A Recipe for Disaster: Climate, Coastal Urbanization, and Water

Major population shifts from rural to urban areas are creating challenges for many environments and landscapes, especially along the coasts where 35 of the 50 largest cities in the world are located, said Geoffrey Scott, Chairman of the Department of Environmental Health Sciences at the University of South Carolina.

Scott spoke at the Metcalf Institute’s 2015 Public Lecture Series, highlighting how many of these challenges are collectively brewing what he called “a recipe for disaster” for America’s coastal communities.

Every eight months, the amount of oil that runs off roads into U.S. waterways is equivalent to the amount of oil spilled in the Alaskan Exxon Valdez spill (11 million U.S. gallons).

Nearly all of Earth’s natural hydrological, nitrogen, and phosphorus cycles have been compromised by urbanization in recent decades, Scott said, using as an example his home state of South Carolina, where the city of Charleston’s population doubled in just 20 years, doubling the city’s urban geographic footprint as well. Paving residential lots and commercial zones presents a direct threat to water quality; as Scott noted, “just a 10 percent increase in imperviousness will decline water quality,” and anything above this point will begin to influence ecosystem functions.

Charleston, S.C., waterfront

The population of Charleston, S.C., doubled in 20 years. Photo by Ron Cogswell.

Actions on land have a way of spreading their impact to other parts of the environment, Scott argued. In the case of a coastal, estuarine environment, the potential for destructive impacts from continued growth is high. Every 8 months, the amount of oil that runs off roads into U.S. waterways is equivalent to the amount of oil spilled in the Alaskan Exxon Valdez spill. This correlates with the fact that 44 percent of estuaries in the U.S. are impacted by some form of non-point source pollution, according to Scott. In turn, 40 percent of all U.S. shellfish beds have some form of annual restriction related to declining water quality. And, he added, that urbanization only adds to the demonstrated environmental degradation posed by climate change.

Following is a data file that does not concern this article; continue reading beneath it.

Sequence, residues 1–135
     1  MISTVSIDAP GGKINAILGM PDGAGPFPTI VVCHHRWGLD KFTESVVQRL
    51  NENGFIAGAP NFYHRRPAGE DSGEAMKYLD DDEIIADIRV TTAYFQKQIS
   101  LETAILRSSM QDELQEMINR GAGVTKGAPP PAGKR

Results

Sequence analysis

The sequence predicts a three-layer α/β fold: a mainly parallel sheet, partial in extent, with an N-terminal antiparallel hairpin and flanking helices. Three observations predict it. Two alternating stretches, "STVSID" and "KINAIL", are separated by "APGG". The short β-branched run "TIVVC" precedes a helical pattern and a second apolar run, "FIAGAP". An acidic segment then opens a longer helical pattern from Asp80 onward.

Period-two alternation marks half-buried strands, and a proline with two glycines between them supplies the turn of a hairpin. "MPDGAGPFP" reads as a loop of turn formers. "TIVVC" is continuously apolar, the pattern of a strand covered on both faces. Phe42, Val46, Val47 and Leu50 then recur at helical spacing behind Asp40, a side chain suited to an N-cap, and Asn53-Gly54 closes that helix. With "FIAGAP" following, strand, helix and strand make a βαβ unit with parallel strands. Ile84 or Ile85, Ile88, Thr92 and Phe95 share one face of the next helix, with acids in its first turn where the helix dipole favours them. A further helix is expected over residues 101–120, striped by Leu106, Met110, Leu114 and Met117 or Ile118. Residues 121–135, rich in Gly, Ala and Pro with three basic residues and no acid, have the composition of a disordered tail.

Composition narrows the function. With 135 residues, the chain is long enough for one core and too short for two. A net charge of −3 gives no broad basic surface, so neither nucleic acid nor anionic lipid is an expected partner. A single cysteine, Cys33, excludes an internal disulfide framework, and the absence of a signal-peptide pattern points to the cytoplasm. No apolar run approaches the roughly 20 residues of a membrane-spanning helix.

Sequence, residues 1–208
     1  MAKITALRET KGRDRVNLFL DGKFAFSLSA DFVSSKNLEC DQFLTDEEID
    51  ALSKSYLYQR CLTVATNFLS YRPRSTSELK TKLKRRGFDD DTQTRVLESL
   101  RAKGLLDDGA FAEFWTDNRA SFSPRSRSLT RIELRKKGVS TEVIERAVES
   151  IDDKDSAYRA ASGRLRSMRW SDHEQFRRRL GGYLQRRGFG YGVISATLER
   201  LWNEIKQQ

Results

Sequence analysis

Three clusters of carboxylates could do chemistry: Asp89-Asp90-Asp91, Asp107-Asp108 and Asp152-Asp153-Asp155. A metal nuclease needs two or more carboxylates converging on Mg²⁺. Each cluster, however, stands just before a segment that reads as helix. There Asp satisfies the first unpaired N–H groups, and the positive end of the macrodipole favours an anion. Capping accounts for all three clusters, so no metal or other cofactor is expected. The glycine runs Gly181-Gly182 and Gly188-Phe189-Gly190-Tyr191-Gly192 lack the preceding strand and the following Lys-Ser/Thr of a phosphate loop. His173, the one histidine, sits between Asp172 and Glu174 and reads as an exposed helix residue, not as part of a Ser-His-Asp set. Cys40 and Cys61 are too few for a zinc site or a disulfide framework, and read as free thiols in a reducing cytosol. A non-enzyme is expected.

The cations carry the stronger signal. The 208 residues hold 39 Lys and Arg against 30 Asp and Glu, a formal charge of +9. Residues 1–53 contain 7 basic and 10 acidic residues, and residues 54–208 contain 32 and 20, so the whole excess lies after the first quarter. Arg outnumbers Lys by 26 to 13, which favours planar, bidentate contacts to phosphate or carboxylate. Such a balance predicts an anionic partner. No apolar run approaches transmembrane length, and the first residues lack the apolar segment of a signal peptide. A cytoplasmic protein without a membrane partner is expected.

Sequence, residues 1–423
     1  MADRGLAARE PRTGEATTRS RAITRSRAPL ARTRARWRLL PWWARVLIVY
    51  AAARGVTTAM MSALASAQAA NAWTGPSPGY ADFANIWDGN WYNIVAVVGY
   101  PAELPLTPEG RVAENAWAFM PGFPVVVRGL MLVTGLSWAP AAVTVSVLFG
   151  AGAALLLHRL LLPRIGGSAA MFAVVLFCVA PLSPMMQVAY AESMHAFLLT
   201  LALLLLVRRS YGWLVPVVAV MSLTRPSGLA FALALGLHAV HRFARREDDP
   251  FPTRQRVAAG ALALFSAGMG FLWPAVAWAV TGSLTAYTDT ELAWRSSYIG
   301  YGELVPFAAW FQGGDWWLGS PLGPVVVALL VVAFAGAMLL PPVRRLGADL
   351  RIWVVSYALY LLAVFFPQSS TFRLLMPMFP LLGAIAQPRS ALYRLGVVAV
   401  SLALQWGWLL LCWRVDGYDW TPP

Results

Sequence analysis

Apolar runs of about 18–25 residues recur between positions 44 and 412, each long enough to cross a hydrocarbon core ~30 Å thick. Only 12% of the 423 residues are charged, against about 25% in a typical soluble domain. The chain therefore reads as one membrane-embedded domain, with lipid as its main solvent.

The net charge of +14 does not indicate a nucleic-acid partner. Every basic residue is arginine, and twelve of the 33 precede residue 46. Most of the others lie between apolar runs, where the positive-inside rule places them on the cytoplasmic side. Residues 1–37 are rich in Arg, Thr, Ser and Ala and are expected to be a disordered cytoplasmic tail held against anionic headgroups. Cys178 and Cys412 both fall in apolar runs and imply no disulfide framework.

The picture that Scott painted is a grim one, but as he explained, recognizing the problems posed by urbanization is a step in the right direction. The goals are in place and the obstacles are clear, he said, but the solutions to healthy, conscious urban growth on the coastline are still being established.